Behind the Badge: The History & Future of Vauxhall’s Griffin Emblem
Being that it’s a European brand, those of us in the United States don’t often keep tabs on Vauxhall, but in the wake of General Motors’ sale of Vauxhall and Opel to the PSA Group, the Vauxhall badge has been flashed across the news more prominently. Thus, you may have seen the Vauxhall logo recently and not known what it was or how it pertained to the company’s name.
Let’s take a closer look at Vauxhall’s badge design as we–and GM–say “farewell” to the classic carmaker.
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Discovering the Meaning Behind the Vauxhall Logo & Name
As one of the oldest established vehicle manufacturers and distribution companies in the UK, Vauxhall has been around for much longer than you’d think. Alexander Wilson founded the company in the Vauxhall district of London in 1857. It was originally named Vauxhall Iron Works before settling on its current name. Vauxhall designed its original logo when it was founded in 1857; as a nod to its local heritage, Vauxhall chose the image of a griffin driving a “V” flag into the ground. After its founder left the company and it began producing cars, the name and logo were retained to pay homage to its roots.
The griffin, a mythical creature with the body of a lion and the head/wings of an eagle, reflects the coat of arms of Sir Falkes de Breauté, a mercenary soldier who was given the Manor of Luton by King John in the thirteenth century. His mansion, Fulk’s Hall, became known eventually as Vauxhall.
The logo underwent changes over the years, streamlining details and going from square to round.
In 2008, Vauxhall released its most up-to-date logo design, cropping out most of the animal’s body to focus on its head. Concerning the design, Vauxhall’s Managing Director Bill Parfitt stated, “While the new-look Griffin pays homage to our 100 year-plus manufacturing heritage in the UK, it also encapsulates Vauxhall’s fresh design philosophy, first showcased in the current Astra, and set to continue with Insignia.”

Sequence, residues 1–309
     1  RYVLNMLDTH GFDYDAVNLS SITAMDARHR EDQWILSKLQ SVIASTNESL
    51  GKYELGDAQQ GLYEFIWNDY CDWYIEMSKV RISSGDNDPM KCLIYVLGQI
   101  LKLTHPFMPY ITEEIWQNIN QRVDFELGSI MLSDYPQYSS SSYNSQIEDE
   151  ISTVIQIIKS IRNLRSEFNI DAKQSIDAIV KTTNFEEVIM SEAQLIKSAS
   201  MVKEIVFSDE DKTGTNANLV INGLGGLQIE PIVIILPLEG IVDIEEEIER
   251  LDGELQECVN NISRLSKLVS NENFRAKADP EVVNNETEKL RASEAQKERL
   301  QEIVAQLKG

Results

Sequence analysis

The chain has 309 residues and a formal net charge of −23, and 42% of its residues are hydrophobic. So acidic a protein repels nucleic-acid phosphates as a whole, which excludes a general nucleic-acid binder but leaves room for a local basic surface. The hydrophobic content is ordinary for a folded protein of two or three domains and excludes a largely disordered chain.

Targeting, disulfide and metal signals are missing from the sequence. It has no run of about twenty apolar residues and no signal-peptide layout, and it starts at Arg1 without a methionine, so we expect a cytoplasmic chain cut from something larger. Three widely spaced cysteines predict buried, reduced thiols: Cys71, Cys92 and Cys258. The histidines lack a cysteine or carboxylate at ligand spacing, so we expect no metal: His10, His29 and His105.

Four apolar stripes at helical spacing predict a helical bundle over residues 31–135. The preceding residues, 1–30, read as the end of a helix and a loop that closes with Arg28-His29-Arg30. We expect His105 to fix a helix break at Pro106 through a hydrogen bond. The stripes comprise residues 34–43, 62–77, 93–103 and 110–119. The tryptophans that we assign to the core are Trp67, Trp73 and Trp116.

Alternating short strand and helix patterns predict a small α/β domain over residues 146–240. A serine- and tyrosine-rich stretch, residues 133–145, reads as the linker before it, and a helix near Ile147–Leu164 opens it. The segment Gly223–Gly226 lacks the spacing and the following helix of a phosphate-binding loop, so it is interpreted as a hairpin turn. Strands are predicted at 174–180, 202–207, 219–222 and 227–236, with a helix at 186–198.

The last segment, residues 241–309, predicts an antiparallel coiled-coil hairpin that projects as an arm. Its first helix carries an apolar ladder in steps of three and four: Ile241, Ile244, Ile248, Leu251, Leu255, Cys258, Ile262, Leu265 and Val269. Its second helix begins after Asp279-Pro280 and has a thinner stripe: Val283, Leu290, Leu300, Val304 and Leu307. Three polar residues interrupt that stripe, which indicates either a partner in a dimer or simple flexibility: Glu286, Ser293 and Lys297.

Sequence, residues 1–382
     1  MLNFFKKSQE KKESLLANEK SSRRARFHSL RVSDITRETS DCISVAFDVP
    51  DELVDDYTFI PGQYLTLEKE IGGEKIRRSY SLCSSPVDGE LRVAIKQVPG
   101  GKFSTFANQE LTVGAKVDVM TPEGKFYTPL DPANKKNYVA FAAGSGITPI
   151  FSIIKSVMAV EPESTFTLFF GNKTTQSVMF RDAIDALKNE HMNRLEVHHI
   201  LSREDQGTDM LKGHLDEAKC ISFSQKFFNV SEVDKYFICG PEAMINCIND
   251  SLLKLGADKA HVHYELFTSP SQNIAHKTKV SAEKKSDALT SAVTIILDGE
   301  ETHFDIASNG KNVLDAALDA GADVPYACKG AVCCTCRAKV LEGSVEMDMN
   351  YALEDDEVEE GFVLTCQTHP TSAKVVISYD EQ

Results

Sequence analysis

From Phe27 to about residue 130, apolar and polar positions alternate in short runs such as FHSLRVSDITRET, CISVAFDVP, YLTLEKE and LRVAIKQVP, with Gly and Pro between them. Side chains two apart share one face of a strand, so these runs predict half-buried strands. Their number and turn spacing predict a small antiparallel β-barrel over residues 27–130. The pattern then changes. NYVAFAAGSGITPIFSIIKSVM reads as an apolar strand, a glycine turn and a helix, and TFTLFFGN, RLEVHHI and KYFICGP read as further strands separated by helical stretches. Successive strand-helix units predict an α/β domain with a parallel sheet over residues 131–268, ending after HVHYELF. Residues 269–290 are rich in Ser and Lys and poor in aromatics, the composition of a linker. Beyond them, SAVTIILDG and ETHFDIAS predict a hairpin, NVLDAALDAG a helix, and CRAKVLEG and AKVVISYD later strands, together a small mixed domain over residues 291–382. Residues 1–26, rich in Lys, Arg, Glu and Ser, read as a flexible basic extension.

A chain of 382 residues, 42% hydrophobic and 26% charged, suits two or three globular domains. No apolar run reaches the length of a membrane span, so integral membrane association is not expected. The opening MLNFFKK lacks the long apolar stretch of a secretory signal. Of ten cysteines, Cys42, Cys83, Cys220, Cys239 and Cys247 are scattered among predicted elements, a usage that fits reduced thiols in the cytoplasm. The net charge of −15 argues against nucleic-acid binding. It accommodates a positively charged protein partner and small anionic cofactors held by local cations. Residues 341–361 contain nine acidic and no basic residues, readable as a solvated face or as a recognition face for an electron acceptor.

There’s actually an ongoing argument concerning whether the animal is–rather–a wyvern. Some historians and representatives claim that the animal is–or at some point–was actually a wyvern, a mythical dragon with legs and a tail. Its barbed head does bear similarities to the feathered eagle head, and features horn-like ears, but the consensus by and large is that the Vauxhall creature is a griffin.
Now, with the sale of Vauxhall to the PSA Group, the big question is–will the Vauxhall logo be revamped to usher in this new chapter in the company’s history? While there hasn’t been official word on this yet (as of today, March 13th), it will depend on if the PSA Group wants to sustain the brand’s current image without drawing attention to the change in ownership, or if a noticeable makeover would be welcomed. Considering the 2008 makeover was made to improve perception of the brand, an upcoming redesign wouldn’t be a surprise.
Enjoy reading about logos like Vauxhall’s? Check out the rest of our Behind the Badge series examining fascinating automotive emblems!
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Sources: Logos History, Vauxhall, Vauxpedianet
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